Reflective Practice

Episode One: An Old Struggle with New Hope

A movie poster-style picture with Casssian Andor, as depicted by actor Diego Luna, under two moons and imperial space ships in the background. Text at the bottom of the poster reads Star Wars: Andor.

CC-licensed Star Wars "Andor" poster courtesy of buckyj at Deviant Art.

by Kristine Riley

This is part one of a four-part series on abolitionist pedagogy, Star Wars’ Andor, and aspirations for teaching and learning at CUNY.

Throughout team meetings, workshops, and events at the TLC, I am inspired by the way my colleagues create opportunities for others to learn that are both inviting and steadfastly centered in socially just pedagogies. Some of those conversations have explored how abolition can inform our pedagogical praxes and offer different learning environments for our students.[1] Rooted in the legacies of movements to abolish slavery and the prison industrial complex, abolitionist pedagogy asks us to imagine and engage in pedagogical praxes “beyond carceral logics of the current penal and criminal justice systems.”[2] The shift in public consciousness around the criminal legal system and recognition of abolition over the last several years make me incredibly hopeful; however, as an educator, that hope is also tied to a deep sense of responsibility to create and support opportunities for others to discover and engage with abolitionist theory and practice.

In addition to challenging and rejecting the instructors’ complicity and facilitation of the school to prison pipeline and investments in campus safety through law enforcement presence, abolitionist pedagogy informs how we approach our work and relationships with students in ways that foster political consciousness, translate theory into practice, and look for opportunities to break from punitive approaches to teaching and learning by using our radical imaginations to build new possibilities with and in our learning communities. This can be difficult to engage with in academia, where many of us are taught to demonstrate mastery and critique—or hedge the critiques of others—as primary strategies of knowledge production and validation. Moreover, standard methodology courses, competitive classrooms, and traditional forms of assessment and evaluation can fail to encourage radical imagination, creativity, or vulnerability among students to discover new pathways toward liberatory education.

These challenges are even greater when confronting the carceral state. From blockbuster movies, to primetime television, to entire television networks, to most watched  media on streaming services, sensationalized conceptions of crime are so ubiquitous in popular culture that, for many people, they serve as stand-ins for people’s political  reality.[3] In Are Prisons Obsolete?, Angela Davis (2000) argues that “[w]e take prisons for granted but are often afraid to face the realities they produce” (p 15), in part, because of “the way we consume media images of prison” (p 16). Davis (2000) explains:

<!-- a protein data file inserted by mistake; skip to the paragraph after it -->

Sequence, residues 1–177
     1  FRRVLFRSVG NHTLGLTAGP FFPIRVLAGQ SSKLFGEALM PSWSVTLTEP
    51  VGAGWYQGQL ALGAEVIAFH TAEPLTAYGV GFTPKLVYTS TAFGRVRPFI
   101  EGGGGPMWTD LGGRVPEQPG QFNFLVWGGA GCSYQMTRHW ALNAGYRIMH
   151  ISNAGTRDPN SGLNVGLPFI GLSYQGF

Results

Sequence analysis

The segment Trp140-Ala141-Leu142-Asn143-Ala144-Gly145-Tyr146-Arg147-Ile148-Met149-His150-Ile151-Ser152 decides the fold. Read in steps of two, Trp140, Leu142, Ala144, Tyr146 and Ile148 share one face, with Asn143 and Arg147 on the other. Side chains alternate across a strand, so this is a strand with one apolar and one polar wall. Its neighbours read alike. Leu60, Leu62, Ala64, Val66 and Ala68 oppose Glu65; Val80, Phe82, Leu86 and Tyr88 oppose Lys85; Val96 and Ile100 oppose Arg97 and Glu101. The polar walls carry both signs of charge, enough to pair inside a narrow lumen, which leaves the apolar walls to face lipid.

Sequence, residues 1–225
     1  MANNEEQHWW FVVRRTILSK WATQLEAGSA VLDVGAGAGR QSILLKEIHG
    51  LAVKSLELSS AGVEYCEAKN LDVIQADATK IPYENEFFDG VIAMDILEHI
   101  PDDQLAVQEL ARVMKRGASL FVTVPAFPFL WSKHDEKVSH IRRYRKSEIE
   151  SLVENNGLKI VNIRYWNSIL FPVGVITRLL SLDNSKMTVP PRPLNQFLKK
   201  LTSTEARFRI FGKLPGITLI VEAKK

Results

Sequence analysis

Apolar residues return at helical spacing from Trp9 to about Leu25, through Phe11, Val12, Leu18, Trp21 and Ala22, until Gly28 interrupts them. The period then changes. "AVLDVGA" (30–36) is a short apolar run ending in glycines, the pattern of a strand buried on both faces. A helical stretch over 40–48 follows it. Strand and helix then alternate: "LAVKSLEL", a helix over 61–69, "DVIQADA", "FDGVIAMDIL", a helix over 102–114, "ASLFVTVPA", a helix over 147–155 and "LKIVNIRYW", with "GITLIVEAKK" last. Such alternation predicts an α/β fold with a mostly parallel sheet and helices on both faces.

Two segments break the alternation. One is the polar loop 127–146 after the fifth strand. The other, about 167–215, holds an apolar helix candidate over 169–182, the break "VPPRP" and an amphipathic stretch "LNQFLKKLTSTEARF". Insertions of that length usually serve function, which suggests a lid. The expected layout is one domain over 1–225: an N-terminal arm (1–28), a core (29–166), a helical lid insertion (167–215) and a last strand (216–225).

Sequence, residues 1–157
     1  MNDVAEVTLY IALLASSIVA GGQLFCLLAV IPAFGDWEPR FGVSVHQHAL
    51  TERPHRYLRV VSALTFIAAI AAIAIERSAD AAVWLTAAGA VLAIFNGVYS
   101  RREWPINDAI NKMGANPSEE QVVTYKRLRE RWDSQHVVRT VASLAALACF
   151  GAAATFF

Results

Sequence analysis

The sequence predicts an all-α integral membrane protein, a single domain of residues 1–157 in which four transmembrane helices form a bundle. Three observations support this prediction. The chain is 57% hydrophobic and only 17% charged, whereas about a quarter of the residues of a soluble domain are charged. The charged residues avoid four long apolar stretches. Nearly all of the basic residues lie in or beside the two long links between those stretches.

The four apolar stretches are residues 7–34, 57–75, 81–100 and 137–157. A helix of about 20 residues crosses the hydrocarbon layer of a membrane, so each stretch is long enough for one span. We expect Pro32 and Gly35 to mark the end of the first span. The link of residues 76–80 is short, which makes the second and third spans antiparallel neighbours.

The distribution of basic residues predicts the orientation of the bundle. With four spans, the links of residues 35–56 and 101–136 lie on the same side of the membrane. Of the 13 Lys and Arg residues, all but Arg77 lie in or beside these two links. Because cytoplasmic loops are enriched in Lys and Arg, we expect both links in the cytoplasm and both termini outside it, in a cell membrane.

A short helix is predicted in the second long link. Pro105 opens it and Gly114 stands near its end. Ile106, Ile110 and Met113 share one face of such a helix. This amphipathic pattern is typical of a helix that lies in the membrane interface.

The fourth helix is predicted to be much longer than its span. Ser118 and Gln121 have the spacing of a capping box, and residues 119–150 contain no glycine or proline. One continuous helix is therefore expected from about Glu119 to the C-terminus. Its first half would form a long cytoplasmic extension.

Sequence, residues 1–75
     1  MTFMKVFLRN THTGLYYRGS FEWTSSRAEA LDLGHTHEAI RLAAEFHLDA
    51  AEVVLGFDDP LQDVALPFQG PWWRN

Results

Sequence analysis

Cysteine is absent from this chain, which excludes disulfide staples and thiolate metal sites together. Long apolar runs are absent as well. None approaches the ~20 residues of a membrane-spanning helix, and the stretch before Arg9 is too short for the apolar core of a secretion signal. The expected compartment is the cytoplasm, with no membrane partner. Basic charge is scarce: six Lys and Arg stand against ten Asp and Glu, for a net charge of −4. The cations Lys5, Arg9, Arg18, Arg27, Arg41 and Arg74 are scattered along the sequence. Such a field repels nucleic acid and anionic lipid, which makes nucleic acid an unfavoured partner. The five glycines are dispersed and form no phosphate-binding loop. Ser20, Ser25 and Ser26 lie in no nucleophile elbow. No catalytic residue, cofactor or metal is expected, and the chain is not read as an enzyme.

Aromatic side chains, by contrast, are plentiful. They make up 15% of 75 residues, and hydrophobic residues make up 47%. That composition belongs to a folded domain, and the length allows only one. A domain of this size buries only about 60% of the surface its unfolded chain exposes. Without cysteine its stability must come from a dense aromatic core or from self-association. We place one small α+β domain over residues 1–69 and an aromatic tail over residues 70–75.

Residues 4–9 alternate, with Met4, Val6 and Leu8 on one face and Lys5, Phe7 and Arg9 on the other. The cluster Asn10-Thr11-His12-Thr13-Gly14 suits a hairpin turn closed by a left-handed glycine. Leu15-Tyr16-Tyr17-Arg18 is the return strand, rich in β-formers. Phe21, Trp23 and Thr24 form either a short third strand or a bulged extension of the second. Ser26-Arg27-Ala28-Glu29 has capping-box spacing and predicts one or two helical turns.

“The prison is one of the most important features of our image environment… The prison has become a key ingredient of our common sense. It is there, all around us. We do not question whether it should exist. It has become so much a part of our lives that it requires a great feat of imagination to envision life beyond prisons” (pp 18-19).

The paradox of prisons’ obscured realities and overwhelming (mis)representation in popular culture is one of the reasons I always ask students in our discussions and debriefs: Did you unlearn anything? I have met many academics who take for granted that ignorance may not just be about a lack of awareness or failure to do the reading, but the result of concerted efforts to create a false consciousness through robust propaganda within systems that encourage and reward superficial analyses and disengagement, so long as it reinforces existing power structures. This is not to take away from the responsibility we all have to engage critically and recognize reading as part of “the work”; however, acknowledging these tensions and complexities, we are able to create opportunities for students to take accountability, demonstrate agency, and feel empowered as their social consciousness evolves.

In Criminology Goes to the Movies: Crime theory and popular culture, Nicole Rafter and Michelle Brown (2011) argue popular culture can be an expansive and inviting pathway toward understanding, analyzing, and innovating cultural theory, especially with criminology. They claim acknowledging the phenomenon of popular criminology[4] and the ways it interacts with not only academic approaches to criminology, but also public policy, and can facilitate new approaches to critically analyzing social and structural frameworks. Many are starting to call out copaganda[5], but there is also an opportunity engage with art in ways that help facilitate our analyses, imaginations, and hope. As social justice movements shift public discourse and consciousness, I believe there’s an opportunity to use critical media studies to analyze popular culture in ways that confront the carceral state’s hegemonic dominance and create intellectual on-ramps to abolition for our learning communities.

A recent piece of popular culture that has sparked my radical abolitionist imagination is Andor. Andor is a prequel series to the recent Star Wars movie, Rogue One (which for the record, is my favorite Star Wars movie, let’s fight about it!). When we meet our series’ protagonist, Cassian Andor, for the first time, he is very, very different from his future self in Rogue One.[6] In the first few episodes, viewers see an individual deadest on escaping his present circumstances on Ferrix by any means necessary. We learn that Cassian is looking for his sister, who he grew up with on Kenari, in what appears to be an all-youth tribe. He met the woman he now calls his mother when she essentially captured him while he was out with other youth on a reconnaissance mission, separating him from his people, including his sister, up until present day. Despite theses and other political implications of his background and circumstances that unfold in the first half of the season, Cassian’s path toward rebellion is born out of a series of chaotic events as he tries to evade authorities, deal with betrayal by a comrade, and escape capture under seemingly impossible circumstances. However, at each of these critical moments, someone offers Cassian an opportunity to engage in struggle and solidarity for a bigger purpose beyond his immediate goals.